In the early weeks after Dashiell was born, my mother-in-law, Angie, came to visit. A transplant from the UK, she has lived in Long Beach, California for the past eleven years where, in her words, it’s always “80 degrees and sunny”! She owns a winter coat, which she calls her “New York coat” because she only wears it when she visits us. But this was the first time she’d visited us this deep into winter, and it was brutally cold for someone used to three-six-five sunshine.
Fortunately for us the sun was shining brightly inside. Andy had returned to work, but Angie and I spent the days happily holed up in our apartment soaking up Dashiell’s rays. While I endlessly nursed, Angie took care of me so that I could take care of him, constantly refilling my water bottle, brewing more coffee, making sure I had enough pillows, going to the store for supplies.
In California, Angie and her husband live on a diet of hearty salads and grilled food, but the kind of weather we were experiencing caused her to summon recipes from her years in England when her boys were children.
Those first few weeks of Dash’s life are a blur, but I remember one day in particular. It was snowing and Angie had ventured out briefly for dinner ingredients. When she returned, she took Dashiell, changed his diaper, and got him to sleep. She then ordered me, a perennial busy-body, to relax on the couch while she prepared dinner: classic cottage pie.
I remember how good and satisfying it tasted, of course, and how much Andy enjoyed it, recalling cottage pie dinners of his childhood. But I remember with gratitude that whole delicious afternoon and evening. Whenever I eat cottage pie I will remember the snowy evening when our little family was so beautifully cared for by my mother-in-law.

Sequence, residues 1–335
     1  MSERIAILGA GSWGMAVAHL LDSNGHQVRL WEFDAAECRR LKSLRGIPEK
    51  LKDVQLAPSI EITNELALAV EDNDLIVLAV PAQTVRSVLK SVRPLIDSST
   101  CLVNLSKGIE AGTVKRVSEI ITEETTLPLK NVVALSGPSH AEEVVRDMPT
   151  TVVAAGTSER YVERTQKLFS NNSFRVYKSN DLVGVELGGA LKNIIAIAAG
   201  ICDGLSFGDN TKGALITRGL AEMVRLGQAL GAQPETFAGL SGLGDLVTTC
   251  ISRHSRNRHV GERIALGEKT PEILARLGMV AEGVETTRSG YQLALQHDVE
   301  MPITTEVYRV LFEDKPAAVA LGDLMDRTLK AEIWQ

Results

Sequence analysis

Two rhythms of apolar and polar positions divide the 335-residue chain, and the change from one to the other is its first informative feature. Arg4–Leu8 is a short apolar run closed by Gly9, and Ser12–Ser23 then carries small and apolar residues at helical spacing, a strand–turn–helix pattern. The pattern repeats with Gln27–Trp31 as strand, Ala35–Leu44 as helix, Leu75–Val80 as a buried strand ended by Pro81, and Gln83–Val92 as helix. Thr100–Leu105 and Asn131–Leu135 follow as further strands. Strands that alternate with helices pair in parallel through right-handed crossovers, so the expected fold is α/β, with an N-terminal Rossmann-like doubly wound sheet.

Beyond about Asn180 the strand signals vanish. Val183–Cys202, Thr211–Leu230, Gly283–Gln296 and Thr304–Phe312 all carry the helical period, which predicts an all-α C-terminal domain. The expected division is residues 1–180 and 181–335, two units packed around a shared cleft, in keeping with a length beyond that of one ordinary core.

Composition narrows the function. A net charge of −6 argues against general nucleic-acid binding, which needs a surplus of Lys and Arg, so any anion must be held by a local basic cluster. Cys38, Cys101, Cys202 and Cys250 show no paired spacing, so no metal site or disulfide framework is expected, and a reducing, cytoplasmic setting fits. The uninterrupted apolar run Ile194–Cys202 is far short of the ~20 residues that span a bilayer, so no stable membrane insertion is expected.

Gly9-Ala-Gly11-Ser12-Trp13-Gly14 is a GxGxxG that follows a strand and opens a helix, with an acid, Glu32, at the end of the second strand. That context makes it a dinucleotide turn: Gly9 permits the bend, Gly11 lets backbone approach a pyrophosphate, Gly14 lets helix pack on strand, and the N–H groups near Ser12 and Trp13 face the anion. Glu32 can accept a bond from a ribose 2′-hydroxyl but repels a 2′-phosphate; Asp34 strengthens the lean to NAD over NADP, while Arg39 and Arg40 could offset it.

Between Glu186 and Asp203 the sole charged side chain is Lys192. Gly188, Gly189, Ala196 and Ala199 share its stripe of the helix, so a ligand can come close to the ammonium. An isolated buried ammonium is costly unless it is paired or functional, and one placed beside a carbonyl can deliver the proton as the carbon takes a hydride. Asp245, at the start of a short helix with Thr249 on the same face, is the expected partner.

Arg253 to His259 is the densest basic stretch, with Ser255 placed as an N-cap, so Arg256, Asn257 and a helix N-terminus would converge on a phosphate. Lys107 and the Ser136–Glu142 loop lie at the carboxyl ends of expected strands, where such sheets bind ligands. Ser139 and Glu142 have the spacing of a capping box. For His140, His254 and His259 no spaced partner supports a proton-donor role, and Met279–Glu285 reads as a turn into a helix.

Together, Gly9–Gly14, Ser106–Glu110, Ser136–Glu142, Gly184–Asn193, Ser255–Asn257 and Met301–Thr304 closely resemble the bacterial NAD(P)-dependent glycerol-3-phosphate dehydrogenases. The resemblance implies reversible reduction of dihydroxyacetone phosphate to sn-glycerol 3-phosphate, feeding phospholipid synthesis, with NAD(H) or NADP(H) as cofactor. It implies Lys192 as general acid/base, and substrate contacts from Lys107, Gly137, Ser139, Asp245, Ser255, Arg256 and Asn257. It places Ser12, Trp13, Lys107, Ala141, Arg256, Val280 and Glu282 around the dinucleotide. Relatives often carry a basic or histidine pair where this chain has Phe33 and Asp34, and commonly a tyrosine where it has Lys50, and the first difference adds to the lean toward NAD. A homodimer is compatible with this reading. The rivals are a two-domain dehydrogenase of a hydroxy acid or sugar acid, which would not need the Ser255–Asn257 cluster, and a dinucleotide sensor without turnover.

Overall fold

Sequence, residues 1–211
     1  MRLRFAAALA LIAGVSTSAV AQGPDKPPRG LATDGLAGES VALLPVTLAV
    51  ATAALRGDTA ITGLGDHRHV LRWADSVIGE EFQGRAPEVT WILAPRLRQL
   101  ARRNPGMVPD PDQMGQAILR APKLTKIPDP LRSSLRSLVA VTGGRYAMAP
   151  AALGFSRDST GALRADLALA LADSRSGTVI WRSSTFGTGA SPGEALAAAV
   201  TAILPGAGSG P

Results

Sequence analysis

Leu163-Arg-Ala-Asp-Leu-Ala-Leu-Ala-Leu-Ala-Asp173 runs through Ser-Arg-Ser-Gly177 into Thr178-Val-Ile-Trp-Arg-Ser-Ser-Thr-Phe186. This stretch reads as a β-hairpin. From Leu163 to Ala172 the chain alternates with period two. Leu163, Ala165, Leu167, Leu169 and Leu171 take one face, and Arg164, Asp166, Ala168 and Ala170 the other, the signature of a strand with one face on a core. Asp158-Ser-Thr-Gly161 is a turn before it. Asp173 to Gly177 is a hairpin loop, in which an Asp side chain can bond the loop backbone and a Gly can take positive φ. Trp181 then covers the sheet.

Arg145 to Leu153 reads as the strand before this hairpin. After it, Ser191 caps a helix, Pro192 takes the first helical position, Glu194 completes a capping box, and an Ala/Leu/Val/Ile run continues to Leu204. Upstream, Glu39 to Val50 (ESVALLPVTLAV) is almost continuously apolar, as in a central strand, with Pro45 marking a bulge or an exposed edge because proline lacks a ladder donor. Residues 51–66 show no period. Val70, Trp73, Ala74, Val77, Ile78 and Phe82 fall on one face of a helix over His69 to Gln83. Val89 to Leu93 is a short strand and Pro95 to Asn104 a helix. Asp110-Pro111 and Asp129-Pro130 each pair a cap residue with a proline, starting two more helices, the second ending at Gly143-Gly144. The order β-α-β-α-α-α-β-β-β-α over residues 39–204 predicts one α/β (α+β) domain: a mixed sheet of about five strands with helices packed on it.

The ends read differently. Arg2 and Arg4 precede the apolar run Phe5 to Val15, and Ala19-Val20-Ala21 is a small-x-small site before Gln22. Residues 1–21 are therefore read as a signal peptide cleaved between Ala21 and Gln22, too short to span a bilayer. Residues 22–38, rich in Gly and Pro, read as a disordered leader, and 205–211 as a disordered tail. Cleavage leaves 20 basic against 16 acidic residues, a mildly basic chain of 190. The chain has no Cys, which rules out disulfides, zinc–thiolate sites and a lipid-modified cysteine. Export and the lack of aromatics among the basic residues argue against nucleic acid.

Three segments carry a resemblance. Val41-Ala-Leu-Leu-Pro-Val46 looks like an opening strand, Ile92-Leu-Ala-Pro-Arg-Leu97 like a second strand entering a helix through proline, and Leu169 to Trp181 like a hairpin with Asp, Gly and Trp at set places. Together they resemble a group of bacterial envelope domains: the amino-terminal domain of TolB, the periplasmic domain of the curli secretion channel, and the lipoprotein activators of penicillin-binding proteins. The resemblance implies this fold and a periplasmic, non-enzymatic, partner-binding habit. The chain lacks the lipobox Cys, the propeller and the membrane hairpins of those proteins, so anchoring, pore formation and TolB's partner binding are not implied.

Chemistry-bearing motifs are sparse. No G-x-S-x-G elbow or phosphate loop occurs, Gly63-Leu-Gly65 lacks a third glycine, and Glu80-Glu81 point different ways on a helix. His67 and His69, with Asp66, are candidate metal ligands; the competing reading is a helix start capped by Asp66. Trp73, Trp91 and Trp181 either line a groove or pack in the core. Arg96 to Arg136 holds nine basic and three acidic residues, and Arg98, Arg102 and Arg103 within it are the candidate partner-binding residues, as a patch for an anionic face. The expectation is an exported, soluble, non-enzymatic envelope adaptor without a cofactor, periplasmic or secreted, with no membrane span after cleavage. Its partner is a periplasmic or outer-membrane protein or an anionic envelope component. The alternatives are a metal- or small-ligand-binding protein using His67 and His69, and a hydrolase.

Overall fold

After that meal, I wanted more cottage pie, but I’m trying to cut down on calories and lose these last few pounds of baby weight, so Mom and I attempted to lighten it a bit. We created a version that bulks out the ground beef with pinto beans and we topped the dish with pureed cauliflower instead of mashed potatoes. I was worried about losing the potatoes, but the cauliflower had so much flavor I actually preferred it. Andy, always a purist when it comes to British cuisine, says it’s not classic, but we’re all smitten with this new version.
- 2 tablespoons olive oil
- 2 medium onions , cut into medium dice
- 3 medium carrots , cut into medium dice
- 2 medium celery stalks, cut into medium dice
- 3 garlic cloves , minced
- 1 l ground beef
- 3 tablespoons all-purpose flour
- ¾ cup red wine
- 3 cups chicken broth , divided
- ¼ cup Worcestershire sauce
- 1 tablespoon tomato paste
- 1 teaspoon dried thyme leaves
- 2 cans (15 to 16 ounces) pinto beans, drained
- ¼ cup chopped fresh parsley
- 2 medium heads cauliflower , trimmed and broken into florets
- ¼ cup milk
- ¾ grated parmesan, divided
- Heat oil over medium-high heat in a large deep skillet. Add onions, celery, and carrots; sauté until softened, about 5 minutes. Add garlic and cook for a minute or so longer. Add ground beef and cook, stirring to break it up, until no longer pink, 4 to 5 minutes longer. Stir in flour until completely incorporated, then wine; simmer for a few minutes, then add 2 cups of the broth, Worcestershire, tomato paste, thyme, and beans. Bring to a simmer, reduce heat to medium-low and simmer until liquid reduces to thin gravy consistency, about 20 minutes.
- While filling cooks, adjust oven rack to middle position and heat oven to 400 degrees. Place cauliflower and remaining 1 cup of broth in a large pot. Turn burner on high and steam until cauliflower is very tender and broth has almost evaporated, 8 to 10 minutes. Transfer to a blender and process, adding milk and stirring florets between pureeing, until smooth. Stir in half the cheese.
- Turn filling into a 13- by 9-inch casserole or similar size baking dish. Spread cauliflower over the filling and sprinkle with remaining cheese. Bake until filling is bubbly and cheese is golden brown, 20 to 25 minutes.